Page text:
Exponential Averages: Sometimes the More Rational Choice


I was indoctrinated into using exponential moving averages (EMAs) out of necessity, back when I was generating data for the old website. I was generating and maintaining data on Excel spreadsheets, and, if I wanted a 200-day simple moving average (SMA), I would need to keep 200 days of data. A corresponding EMA needed only two lines of data -- yesterday's and today's. Obviously, the EMA was the more practical choice, and I still prefer them over the SMA.

I don't want to get into a lesson on precisely how they are both calculated. Suffice it to say that EMAs are weighted toward recent price activity, whereas, with SMAs, the oldest data is equally weighted with the newest data. While my preference for EMAs was initially influenced by practicality, I recently saw an example of why EMAs can be more rational. A reader pointed out that the Nasdaq 100 50SMA had recently crossed down through the 200SMA (see below), which, considering the depth of the February-March decline, was surprising to me. It was also odd that, while price is well above the 50SMA, the 50SMA is still moving down. Also, the 200SMA never stopped rising, even when price went well below it.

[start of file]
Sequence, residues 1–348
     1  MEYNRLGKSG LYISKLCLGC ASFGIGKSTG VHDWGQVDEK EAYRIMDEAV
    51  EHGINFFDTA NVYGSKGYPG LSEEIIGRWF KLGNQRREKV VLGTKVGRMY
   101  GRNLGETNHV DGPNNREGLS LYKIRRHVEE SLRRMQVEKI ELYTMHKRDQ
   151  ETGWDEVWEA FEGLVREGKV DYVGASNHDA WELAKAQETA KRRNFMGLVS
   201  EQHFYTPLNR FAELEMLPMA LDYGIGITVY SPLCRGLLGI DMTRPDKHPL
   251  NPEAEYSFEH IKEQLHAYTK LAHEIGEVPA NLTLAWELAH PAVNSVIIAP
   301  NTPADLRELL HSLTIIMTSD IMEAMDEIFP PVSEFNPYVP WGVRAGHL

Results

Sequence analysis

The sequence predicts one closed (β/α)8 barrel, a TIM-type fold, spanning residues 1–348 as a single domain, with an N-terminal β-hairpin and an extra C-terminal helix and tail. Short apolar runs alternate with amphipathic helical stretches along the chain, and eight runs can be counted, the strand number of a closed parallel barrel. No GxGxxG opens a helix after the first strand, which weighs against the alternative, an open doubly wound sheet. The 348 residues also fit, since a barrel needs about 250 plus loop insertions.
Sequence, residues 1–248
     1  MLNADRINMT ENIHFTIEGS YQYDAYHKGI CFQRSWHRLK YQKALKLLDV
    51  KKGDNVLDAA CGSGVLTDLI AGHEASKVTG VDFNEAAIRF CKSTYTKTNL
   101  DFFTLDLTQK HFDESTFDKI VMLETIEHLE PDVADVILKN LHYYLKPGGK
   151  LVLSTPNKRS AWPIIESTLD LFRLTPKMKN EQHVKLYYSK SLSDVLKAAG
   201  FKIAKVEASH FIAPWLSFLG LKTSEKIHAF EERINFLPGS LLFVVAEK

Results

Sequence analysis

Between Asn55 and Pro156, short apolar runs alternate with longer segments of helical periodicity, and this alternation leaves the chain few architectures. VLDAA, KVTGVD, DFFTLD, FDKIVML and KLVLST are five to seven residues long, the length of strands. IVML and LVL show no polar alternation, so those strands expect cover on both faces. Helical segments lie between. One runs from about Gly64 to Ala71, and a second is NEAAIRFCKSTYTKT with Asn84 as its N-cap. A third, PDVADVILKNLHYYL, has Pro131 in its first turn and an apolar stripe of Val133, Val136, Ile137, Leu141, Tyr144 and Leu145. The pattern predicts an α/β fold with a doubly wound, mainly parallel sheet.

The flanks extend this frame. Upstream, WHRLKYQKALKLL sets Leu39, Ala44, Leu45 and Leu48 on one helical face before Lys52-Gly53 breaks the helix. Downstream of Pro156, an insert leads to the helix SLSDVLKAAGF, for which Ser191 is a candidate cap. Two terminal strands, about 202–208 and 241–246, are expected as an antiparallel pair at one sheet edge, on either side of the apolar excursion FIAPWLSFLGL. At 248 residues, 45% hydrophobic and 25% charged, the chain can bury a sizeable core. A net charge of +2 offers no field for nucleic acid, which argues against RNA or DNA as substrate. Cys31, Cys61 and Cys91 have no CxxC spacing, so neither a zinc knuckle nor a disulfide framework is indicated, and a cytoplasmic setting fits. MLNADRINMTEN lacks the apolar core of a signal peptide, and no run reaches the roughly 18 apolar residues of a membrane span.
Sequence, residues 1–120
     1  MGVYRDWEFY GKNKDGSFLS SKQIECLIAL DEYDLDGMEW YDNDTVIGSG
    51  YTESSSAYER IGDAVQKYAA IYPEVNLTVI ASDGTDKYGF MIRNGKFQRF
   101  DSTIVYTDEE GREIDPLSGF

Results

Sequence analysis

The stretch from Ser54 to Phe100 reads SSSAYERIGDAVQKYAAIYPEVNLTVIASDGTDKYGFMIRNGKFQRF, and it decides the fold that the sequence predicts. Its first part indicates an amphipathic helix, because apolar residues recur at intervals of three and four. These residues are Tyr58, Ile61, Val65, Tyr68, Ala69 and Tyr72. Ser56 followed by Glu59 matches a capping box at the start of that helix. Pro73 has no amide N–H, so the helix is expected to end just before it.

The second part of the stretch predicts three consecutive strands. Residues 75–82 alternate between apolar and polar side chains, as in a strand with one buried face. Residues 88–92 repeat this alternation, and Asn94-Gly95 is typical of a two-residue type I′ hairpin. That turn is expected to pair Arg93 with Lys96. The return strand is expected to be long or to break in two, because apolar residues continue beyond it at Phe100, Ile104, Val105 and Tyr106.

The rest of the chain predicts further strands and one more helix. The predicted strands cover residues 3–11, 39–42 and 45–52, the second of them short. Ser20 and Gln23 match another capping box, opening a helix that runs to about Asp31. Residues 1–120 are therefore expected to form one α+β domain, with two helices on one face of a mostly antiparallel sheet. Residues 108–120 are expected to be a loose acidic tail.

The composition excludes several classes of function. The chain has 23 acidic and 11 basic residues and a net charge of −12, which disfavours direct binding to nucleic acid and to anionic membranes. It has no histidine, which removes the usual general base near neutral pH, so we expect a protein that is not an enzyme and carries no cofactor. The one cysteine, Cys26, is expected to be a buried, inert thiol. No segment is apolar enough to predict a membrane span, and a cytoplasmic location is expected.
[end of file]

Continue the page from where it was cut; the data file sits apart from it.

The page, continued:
Here's the same chart, but with EMAs. Note that EMAs always move toward price -- when price crosses the EMA, the EMA changes direction so as to keep moving toward price. To me, this is more rational behavior.

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The purpose of moving averages is to smooth the data, to "summarize" its direction. Clearly SMAs accomplish this, but sometimes their behavior can be a bit mysterious, because past data dropping off the calculation string counts as much as what happened today.

Happy Charting! - Carl

Technical Analysis is a windsock, not a crystal ball.

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Carl Swenlin
About the author: is a veteran technical analyst who has been actively engaged in market analysis since 1981. A pioneer in the creation of online technical resources, he was president and founder of, one of the premier market timing and technical analysis websites on the web. DecisionPoint specializes in stock market indicators and charting. Since DecisionPoint merged with in 2013, Carl has served a consulting technical analyst and blog contributor. Learn More
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